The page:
The baby on the lawn

Dot writes: I have a rich and varied repertoire of anxiety dreams. There’s the one about missing the train, and the one in which I’m at my parents’ house for Christmas and on Christmas Eve I still haven’t bought any presents, and the one where there’s a fire in the corner of the room but I have to pack a suitcase of clothes before I can leave, and the one (which is quite recent in date but surprisingly recurrent) in which I’m out walking, or sometimes in a boat, and a vast rocket or aeroplane crashes right ahead of me and I know that I’m about to die. (It’s a non-stop party in my subconscious, I can tell you.) And then there’s the one in which I’ve accidentally abandoned the children. For example: Ken and I are both at a party, we’ve been there for a while, and I thought the kids were with my mum – well I’ve been assuming they’re with my mum – but she’s at the party too, so maybe they’re with my sister, but in fact I don’t know who’s looking after them or exactly where they are and it dawns on me that this is a dreadful, dreadful situation. When Frank was a baby I had this dream in another form in which I realised that we had left him behind on the lawn outside a stately home and it was now raining.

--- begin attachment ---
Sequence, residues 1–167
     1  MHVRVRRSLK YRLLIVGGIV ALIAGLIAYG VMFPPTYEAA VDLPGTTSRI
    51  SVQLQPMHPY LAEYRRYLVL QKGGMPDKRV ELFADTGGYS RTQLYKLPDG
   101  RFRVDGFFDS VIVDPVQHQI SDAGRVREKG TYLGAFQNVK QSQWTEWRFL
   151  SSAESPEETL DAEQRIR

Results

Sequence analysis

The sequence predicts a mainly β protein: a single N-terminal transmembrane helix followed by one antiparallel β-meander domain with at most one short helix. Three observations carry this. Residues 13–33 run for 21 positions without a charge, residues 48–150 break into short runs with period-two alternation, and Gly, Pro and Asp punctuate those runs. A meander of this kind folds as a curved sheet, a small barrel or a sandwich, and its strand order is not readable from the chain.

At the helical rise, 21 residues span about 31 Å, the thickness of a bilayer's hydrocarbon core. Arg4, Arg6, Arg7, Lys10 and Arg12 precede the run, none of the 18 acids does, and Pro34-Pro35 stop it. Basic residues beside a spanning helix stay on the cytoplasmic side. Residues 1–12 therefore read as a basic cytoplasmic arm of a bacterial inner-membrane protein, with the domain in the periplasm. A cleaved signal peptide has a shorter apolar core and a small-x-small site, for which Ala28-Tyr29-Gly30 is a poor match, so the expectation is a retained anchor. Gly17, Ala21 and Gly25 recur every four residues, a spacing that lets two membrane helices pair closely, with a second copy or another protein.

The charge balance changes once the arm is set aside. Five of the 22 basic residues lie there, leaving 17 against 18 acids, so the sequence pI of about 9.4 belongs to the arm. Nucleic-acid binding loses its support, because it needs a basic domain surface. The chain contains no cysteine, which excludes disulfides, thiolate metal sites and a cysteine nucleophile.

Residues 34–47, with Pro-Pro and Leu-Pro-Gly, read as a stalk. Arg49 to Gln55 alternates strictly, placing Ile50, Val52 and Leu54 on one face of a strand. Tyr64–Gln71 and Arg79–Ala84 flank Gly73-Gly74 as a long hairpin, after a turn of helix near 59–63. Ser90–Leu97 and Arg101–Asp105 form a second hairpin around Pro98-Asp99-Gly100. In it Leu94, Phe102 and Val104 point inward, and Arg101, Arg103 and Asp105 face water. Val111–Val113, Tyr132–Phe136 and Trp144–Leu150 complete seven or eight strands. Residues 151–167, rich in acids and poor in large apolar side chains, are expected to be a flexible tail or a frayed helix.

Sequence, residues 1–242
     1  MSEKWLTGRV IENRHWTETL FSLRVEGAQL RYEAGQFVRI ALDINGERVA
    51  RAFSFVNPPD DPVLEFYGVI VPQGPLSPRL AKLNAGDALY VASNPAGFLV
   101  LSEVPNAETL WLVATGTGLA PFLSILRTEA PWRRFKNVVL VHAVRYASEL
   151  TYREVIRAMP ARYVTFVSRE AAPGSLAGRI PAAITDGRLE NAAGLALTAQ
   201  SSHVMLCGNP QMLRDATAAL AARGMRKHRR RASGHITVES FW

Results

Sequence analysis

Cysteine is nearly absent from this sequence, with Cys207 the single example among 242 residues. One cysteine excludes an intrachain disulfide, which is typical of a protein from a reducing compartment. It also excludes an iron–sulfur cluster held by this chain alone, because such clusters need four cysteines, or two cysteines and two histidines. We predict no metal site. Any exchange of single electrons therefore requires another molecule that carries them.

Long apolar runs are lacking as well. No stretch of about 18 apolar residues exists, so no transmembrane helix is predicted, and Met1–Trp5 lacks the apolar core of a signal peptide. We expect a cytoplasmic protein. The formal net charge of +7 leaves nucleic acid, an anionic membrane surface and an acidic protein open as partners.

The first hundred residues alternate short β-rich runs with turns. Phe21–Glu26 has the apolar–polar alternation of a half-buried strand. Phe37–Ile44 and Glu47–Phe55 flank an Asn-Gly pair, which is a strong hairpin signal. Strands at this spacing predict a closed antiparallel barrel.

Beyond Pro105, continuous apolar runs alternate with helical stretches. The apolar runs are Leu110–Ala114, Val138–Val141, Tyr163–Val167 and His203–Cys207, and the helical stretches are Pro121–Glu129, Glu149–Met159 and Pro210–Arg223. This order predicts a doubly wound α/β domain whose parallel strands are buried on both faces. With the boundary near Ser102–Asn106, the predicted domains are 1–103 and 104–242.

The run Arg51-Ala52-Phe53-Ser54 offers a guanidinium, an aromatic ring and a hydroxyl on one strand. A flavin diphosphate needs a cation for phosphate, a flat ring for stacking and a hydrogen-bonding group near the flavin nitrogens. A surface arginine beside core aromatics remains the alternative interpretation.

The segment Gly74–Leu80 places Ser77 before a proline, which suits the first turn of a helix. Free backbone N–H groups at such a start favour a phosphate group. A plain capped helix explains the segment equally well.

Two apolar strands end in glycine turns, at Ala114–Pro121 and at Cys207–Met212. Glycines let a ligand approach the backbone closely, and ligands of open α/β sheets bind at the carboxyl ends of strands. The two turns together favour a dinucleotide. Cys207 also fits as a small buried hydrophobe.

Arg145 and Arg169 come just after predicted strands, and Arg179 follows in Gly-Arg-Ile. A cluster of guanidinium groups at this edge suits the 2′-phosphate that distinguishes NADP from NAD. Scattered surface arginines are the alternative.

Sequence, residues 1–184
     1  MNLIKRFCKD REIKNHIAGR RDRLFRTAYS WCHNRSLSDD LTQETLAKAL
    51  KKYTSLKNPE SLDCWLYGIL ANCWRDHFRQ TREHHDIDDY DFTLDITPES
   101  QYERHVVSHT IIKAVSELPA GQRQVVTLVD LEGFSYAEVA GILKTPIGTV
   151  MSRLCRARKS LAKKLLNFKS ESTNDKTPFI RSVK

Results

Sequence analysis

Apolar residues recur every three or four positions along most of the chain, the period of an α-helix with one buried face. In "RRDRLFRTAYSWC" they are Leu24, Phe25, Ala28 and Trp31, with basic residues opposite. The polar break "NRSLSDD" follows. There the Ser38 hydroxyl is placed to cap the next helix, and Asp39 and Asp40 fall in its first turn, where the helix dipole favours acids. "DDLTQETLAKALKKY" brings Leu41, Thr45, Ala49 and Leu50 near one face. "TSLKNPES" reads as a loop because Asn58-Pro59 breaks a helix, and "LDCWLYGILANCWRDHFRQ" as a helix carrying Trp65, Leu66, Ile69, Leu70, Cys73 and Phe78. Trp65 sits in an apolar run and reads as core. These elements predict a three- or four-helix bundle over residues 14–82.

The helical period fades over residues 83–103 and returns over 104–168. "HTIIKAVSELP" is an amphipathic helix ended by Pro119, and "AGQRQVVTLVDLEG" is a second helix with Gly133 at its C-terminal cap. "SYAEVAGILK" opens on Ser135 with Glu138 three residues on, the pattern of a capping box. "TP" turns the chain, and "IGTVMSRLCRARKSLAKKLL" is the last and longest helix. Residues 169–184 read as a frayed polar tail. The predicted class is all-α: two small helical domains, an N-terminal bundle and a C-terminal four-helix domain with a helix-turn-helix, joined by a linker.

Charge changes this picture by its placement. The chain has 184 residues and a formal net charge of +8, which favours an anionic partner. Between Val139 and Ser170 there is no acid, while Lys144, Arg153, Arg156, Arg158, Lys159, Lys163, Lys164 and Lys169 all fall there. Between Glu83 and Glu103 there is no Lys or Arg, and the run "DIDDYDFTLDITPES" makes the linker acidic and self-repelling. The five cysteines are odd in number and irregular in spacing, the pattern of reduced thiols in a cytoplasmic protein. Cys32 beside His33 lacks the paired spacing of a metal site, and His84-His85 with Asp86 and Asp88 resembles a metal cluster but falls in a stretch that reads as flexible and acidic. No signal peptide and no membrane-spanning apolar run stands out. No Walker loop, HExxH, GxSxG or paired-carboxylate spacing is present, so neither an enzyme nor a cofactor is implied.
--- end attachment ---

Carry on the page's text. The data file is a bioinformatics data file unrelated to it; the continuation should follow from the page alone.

Yesterday at about 6pm I was looking into our rather denuded fridge as I prepared dinner, and I asked Julie whether there was enough food for her to cook dinner for the boys today or whether I should put in a grocery order.
“But I’m flying to London first thing tomorrow,” was her reply.
“But I have the examiners’ meeting for the MPhil tomorrow and I thought you were looking after the children,” was mine. And we were both horrified.

Somehow Julie had talked all week about her trip to London and I had talked all week about my examiners’ meeting without either of us realising that we had a problem. For my part I was convinced she was flying out on Saturday. For her part – well, maybe she thought the annual examining process would all be done and dusted in time for me to be home by pick-up time. (Which is 1pm, in Frank’s case.)